In observance of MS Awareness Week

March 5, 2014

I spoke at an MS event in Birmingham, Alabama, on Saturday, March 1, and told the story of my MS diagnosis almost 16 years ago. I have posted it here  in honor of MS Awareness Week and in the hope that it will help educate others about this chronic autoimmune disease that affects the central nervous system:

I had my first MS symptom in 1990. I didn’t know it was an MS symptom; I just knew I didn’t feel right. I would find out years later that it was transverse myelitis, known as the “MS hug.” It was a band of numbness and tightness around my rib cage. I saw a neurologist,  but he was unable to diagnose the problem. He prescribed an antidepressant and said it would subside. It did subside (because that’s what MS does), and I didn’t think anything more about it until I started noticing other problems, such as weakness in my right leg and urinary incontinence. I saw more doctors, but they couldn’t diagnose my problem either. I moved on to a chiropractor and then to a massage therapist, who noticed a problem with my gait but told me it was because my right leg was shorter than my left. (He was wrong.) I was about to give up when my gynecologist referred me to a urologist for my incontinence issues. She suggested several treatments, but the problem continued. I went back to see her again and again with no results.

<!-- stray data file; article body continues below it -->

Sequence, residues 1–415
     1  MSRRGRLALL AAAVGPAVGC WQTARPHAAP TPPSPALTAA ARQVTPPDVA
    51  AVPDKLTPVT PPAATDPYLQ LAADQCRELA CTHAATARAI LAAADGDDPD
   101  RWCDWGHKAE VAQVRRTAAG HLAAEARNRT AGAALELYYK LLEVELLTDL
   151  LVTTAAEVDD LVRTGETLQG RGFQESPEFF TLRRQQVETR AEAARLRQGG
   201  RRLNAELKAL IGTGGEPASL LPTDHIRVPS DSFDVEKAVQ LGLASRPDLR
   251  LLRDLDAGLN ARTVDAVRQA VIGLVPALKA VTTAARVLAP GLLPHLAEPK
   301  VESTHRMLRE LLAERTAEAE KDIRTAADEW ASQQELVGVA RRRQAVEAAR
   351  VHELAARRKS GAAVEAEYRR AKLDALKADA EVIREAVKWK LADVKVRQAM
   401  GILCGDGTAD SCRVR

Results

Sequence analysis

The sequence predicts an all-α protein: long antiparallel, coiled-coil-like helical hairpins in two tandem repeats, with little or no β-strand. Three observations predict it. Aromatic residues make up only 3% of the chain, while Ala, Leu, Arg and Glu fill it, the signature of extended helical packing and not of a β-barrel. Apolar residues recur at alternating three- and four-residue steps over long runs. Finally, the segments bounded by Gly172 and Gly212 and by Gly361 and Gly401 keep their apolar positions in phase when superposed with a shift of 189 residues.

During one visit, I mentioned I worked at Alabama Power, a large electric utility the serves the lower two-thirds of the state. (I have no idea why I told her that. She may have asked where I worked.) She told me about a problem she was having with her electric service. I gave her a number to call about it, and I figured that if she was going to tell me about her problem, well then, I was going to tell her about the weakness in my leg. Telling her about a second symptom made all the difference. She determined that the problem was probably neurological and said that I might have a demyelinating disease. She referred me to a neurologist (a different one). After an MRI and other tests, he diagnosed it as MS and referred me to an MS specialist. That was in 1998. It took me eight years to get a diagnosis. My story is about persistence and resourcefulness. If I had given up instead of being so stubborn about it, I might have never been diagnosed.


One Response to “In observance of MS Awareness Week”

  1. Rick Watson Says:

    Hey Jane, this blog looks fine to me. If it’s easy to navigate and easy to add photos etc that you’d like to add then it should be fine.
    I signed up to get notified when you post so let the fun begin.


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